With competition between film schools also fierce, Thomas knows when a high school student chooses another school, he or she is headed to another top-of-the-line institution.

"We're in competition for students with the big guns," Thomas says. "When we lose a student, we lose them to NYU, to USC or to UCLA. We lose them to top programs."

But attending such schools can also have its disadvantages.

"At NYU, however, they would be joined by nearly a thousand other students," he says. "Here, we've always got between 50 and 60 students in our programs. Everyone knows everyone and they use each other for help, to lean on and to gain experience."

Thomas believes the 1804 Grant will allow him to capitalize on an already strong program.

"The rest is here: We've got the horsepower - the faculty, the equipment and most importantly the University," Thomas says. "There are experienced people across campus in creative writing, business, theatre and music, among many others. We use the whole campus."

For the next two years, Gritzer will endure meager pay, rigorous, ever-changing work conditions and little sleep as an assistant director trainee, a position so sought after that nearly thousands of aspiring filmmakers apply for the internship each year.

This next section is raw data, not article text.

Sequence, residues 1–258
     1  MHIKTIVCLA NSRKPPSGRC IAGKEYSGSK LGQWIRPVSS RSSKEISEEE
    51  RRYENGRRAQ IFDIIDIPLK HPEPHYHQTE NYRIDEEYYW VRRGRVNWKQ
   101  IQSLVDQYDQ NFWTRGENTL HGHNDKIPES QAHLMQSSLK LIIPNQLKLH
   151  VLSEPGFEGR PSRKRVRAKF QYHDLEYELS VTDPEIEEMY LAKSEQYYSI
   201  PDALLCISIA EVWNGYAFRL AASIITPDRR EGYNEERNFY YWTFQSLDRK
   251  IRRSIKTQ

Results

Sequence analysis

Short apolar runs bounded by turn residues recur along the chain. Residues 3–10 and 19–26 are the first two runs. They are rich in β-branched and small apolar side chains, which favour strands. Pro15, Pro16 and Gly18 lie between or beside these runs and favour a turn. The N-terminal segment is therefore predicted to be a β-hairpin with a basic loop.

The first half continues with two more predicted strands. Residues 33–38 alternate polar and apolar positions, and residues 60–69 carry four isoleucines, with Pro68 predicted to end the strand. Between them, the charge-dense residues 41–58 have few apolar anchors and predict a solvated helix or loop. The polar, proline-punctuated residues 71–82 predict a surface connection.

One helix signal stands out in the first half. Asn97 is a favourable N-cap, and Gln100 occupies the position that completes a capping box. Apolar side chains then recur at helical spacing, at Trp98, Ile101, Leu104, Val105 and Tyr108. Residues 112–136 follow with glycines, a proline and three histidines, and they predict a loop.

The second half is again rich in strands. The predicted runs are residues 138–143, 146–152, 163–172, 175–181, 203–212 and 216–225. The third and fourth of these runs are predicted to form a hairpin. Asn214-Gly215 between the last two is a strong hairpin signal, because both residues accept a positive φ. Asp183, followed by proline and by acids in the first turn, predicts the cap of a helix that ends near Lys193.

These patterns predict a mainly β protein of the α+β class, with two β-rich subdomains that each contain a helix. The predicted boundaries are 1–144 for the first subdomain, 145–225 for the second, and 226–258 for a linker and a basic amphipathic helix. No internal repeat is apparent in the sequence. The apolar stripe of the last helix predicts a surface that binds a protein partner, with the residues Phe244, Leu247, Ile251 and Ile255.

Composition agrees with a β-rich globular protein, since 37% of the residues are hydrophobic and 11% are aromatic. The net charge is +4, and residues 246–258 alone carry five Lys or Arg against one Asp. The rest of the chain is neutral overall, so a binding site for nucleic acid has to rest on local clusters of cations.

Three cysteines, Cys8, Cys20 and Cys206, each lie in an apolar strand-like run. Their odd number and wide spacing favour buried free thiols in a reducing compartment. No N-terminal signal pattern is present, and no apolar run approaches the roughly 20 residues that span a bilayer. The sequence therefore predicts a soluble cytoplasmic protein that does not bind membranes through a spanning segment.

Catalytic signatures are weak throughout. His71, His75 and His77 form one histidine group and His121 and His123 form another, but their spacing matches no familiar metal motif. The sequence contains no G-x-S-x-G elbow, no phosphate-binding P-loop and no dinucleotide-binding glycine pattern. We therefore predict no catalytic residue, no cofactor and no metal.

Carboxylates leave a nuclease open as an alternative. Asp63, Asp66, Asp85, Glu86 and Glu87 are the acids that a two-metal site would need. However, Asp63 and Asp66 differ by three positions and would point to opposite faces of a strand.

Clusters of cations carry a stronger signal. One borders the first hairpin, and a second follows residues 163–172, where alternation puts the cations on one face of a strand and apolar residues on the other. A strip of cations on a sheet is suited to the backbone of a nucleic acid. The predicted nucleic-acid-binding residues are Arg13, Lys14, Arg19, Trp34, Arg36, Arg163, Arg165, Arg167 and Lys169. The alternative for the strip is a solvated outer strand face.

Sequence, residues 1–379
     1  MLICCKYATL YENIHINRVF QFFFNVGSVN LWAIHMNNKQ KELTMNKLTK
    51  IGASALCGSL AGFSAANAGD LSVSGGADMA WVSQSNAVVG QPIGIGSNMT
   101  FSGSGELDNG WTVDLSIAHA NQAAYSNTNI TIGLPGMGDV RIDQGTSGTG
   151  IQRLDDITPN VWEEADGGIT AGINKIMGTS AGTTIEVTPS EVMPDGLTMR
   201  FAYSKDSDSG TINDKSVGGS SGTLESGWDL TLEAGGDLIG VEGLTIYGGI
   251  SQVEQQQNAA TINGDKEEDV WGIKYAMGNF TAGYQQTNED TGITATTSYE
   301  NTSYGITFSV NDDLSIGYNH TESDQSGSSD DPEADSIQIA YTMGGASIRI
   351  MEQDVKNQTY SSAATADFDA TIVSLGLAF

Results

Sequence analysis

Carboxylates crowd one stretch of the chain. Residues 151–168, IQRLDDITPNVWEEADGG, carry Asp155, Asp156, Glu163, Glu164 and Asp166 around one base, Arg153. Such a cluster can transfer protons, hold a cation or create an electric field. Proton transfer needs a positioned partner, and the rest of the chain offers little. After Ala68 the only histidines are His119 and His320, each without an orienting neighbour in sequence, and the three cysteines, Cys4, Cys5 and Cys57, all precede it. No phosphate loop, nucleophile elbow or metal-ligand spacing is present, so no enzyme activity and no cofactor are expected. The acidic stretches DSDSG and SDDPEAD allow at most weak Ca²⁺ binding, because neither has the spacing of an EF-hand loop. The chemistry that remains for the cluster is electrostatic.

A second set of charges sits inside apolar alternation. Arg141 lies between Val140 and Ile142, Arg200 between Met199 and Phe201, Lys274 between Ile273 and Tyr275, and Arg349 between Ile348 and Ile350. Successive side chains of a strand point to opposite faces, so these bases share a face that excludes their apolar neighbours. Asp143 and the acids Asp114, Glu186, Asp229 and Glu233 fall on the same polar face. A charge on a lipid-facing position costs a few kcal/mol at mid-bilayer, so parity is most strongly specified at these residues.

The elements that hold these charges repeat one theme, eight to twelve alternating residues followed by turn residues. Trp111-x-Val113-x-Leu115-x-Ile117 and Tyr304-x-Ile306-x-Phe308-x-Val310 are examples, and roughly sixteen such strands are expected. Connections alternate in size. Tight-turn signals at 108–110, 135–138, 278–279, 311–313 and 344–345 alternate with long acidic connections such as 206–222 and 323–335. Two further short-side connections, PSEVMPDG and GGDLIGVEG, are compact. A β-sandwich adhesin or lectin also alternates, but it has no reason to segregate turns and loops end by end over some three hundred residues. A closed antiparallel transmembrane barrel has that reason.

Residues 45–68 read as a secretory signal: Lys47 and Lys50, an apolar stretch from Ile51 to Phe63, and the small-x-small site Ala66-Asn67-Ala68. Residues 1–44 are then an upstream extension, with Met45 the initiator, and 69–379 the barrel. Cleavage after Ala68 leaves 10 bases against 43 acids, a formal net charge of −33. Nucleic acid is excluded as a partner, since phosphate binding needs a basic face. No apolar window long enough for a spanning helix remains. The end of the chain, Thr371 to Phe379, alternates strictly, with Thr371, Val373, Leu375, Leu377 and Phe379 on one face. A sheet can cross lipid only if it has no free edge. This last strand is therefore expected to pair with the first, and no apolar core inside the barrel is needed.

After an extensive, three-stage interview process, Gritzer - who graduated from the Honors Tutorial College through the College of Fine Arts' School of Film - is on the fast track to joining the Guild, one of the industry's most exclusive unions. At 21, she is the youngest of 17 DGA interns. Gritzer's story started last year, thanks to an internship with the Cleveland Film Commission. While researching trade magazines, she found the DGA internship's Web site and decided to apply.

"The program has great benefits," Gritzer says, "you get to work on a variety of films, get to meet a lot of people and you become a member of the DGA when you complete the program." Those who do not earn a DGA internship normally take between six to eight years to get into the Guild.

In December, officials invited Gritzer to fly to Chicago in January to take a test. Not just any test. "Imagine the SAT, ACT and a personality test rolled into one," Gritzer says, "and you don't even come close to the difficulty level of this test. They tested us on logic, vocabulary, mathematics - without a calculator - spatial reasoning, creativity and several other subjects, none of which directly pertained to film."